Risk management

Tengizchevroil Production Rebounds After Antigovernment Protests Curtailed

Chevron said it is returning production to normal after a week of antigovernment protests caused logistics disruptions in Kazakhstan’s principal oil-producing region, Mangastau, which borders the Caspian Sea.

Chevron has earmarked capital investment to finalize its $45-billion wellhead-pressure management Tengiz expansion project.
SOURCE: Chevron

Chevron reports that production at its Tengizchevroil (TCO) facility in northwest Kazakhstan is returning slowly to normal after local workers supporting antigovernment protestors disrupted rail shipments last week in the country’s oil-producing region of Mangastau in the far western part of the country.

The protests over the government’s doubling of LPG (liquified petroleum gas) prices began just after the new year in the town of Zhanaozen, a 2-hour drive inland from the Caspian Sea port of Aktau. The unrest quickly spread east to the former capital city of Almaty, now Kazakhstan’s banking center.

Aktau is Kazkhstan’s supply base for offshore activity, export logistics, and local operations headquarters for many international companies such as Schlumberger, Baker Hughes, Halliburton, and others.

Though TCO is the largest oil and gas facility in Kazkhstan and a major producer of LPG for the Caspian and Black Sea regions, 700 km farther north protestors from a local worker’s camp managed to disrupt logistics enough to cause Chevron to announce late last week it would be adjusting TCO’s production accordingly.

By Sunday, 9 January, though, Chevron, which holds a 50% interest in the TCO joint venture with minority partners ExxonMobil (25%), state-owned Kazmunygaz (20%), and Russia’s LukArco (5%), issued this statement: “TCO is safely and gradually increasing production to reach normal rates.”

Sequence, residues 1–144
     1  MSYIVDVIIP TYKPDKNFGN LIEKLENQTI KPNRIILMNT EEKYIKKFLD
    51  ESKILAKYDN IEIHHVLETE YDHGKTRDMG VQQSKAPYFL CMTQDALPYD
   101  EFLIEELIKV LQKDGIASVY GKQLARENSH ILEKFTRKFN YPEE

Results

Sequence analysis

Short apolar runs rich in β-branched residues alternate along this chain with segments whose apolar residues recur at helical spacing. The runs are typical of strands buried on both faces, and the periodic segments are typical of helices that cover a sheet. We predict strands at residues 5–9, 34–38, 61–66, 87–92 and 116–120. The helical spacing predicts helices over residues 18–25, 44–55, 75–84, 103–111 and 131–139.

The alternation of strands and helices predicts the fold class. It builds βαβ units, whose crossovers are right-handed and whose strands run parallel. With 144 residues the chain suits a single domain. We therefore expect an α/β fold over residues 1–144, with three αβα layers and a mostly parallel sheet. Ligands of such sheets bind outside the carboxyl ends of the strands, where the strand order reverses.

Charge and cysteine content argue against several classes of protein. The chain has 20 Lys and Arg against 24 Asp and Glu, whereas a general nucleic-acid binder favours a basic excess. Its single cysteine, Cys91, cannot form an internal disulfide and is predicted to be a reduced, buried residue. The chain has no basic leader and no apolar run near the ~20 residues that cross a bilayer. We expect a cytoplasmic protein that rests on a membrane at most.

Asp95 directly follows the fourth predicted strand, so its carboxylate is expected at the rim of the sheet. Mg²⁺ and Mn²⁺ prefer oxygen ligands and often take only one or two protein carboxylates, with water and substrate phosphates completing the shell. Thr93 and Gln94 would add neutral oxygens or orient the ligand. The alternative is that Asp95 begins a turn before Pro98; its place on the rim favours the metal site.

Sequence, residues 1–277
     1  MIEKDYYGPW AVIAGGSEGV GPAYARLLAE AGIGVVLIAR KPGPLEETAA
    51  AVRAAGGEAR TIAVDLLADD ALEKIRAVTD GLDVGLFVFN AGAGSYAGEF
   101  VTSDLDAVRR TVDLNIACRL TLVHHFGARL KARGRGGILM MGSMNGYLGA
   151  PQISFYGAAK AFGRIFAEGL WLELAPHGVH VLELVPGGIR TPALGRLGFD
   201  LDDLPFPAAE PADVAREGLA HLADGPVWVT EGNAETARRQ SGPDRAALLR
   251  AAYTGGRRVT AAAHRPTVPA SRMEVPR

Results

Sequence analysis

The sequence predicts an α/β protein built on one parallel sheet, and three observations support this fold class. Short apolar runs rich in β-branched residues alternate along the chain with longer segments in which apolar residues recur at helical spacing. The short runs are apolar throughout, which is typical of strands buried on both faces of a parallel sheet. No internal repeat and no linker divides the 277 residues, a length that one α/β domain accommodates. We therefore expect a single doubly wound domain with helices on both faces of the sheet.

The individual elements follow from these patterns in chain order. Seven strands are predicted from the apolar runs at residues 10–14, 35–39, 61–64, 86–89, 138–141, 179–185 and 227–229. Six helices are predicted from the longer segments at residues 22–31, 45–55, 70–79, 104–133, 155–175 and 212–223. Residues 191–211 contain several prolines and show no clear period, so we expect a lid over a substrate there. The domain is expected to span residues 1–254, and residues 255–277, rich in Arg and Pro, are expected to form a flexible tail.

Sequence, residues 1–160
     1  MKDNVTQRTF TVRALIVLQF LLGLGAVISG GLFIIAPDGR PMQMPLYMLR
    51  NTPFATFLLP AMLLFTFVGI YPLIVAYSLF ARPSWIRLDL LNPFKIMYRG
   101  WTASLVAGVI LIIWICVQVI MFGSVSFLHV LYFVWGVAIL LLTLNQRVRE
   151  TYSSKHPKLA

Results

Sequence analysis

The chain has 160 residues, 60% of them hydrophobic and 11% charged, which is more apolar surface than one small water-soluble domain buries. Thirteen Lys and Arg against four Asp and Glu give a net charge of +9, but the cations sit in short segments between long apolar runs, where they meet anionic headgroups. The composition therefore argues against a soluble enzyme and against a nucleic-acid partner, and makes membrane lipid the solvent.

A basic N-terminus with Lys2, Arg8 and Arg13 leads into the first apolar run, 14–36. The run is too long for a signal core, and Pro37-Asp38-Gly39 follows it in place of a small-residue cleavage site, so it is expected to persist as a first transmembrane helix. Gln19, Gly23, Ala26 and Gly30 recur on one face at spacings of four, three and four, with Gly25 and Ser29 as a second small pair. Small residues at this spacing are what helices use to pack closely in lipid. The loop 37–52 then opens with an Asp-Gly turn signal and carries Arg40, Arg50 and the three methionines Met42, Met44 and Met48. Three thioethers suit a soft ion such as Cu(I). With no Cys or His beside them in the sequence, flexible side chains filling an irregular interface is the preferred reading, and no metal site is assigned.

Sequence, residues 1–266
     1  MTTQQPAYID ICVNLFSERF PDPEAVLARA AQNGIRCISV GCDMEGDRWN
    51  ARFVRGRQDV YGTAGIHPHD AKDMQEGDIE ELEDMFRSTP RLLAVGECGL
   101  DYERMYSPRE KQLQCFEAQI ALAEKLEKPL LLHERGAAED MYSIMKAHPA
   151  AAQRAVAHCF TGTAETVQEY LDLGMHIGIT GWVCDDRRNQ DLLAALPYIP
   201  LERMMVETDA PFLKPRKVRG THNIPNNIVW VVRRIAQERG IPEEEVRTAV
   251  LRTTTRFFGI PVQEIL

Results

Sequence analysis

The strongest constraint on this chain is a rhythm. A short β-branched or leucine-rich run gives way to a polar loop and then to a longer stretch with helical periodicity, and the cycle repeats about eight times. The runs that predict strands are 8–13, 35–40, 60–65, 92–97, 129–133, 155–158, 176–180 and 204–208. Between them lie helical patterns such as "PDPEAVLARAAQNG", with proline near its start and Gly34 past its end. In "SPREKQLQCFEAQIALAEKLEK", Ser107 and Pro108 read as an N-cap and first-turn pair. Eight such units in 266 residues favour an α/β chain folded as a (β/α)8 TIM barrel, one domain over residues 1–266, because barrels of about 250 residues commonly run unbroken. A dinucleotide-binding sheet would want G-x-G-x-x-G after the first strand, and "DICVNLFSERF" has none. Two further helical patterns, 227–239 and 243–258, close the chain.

LPG is used in the region as a cheap substitute for gasoline in motor vehicles as well as fuel for heating and cooking. The government’s decision to double its price ignited tensions that have simmered since Kazakhstan’s president of 30 years, Nursultan Nazarbayev, a former Soviet politburo member, passed the presidency to a handpicked successor, Kassym-Jomart Tokayev in the spring of 2020, but remained in power under the title, “Father of the Nation.”

Kazakhstan is a complex society ethnically and in terms of its power relations between competing clans—some which rule the country and some which are excluded from the power elite.

Last week’s unrest saw Tokayev act decisively to request peacekeeping troops from the Russia-led Collective Security Treaty Organization (CSTO) created in 1992 by Russia, Kazakhstan, Armenia, Kyrgyzstan, Tajikistan, and Uzbekistan, and to restore domestic price controls on LPG at least temporarily.

The government attributed the decision to raise LPG prices to rising gas prices and an electrical shortage cause by cryptominers who had relocated to Kazakhstan from China after a crackdown by Beijing.

As CSTO troops arrived, Tokayev also began quickly to clean house to avert what could have been a palace coup in the making, sacking the government and replacing the head of the National Security Committee with one of his own loyalists; Tokayev also removed Nazarbayev as chairman of the Security Council and assumed the role himself, according to eurasianet.org, published by Columbia University’s Harriman Institute.

During his 3 decades in office, Nazarbayev, who remains a powerful figure as “Father of the Nation” was largely responsible for having negotiated an independent path for landlocked Kazakhstan after the Soviet breakup, balancing its position between Russia to the north and China to the south by inviting in a “Who’s Who” of international majors to develop its oil and gas resources with presidential guarantees that investments would be protected.

To cite one example of how seriously both sides have taken this guarantee: In announcing its 2021 budget, Chevron said it was prioritizing Kazakhstan over the Permian Basin, earmarking capital investment first to finalize its $45-billion wellhead pressure management Tengiz expansion project where its share of production in 2019 averaged 290,000 B/D of oil, 419 MMscf of natural gas, and 21,000 B/D of natural gas liquids.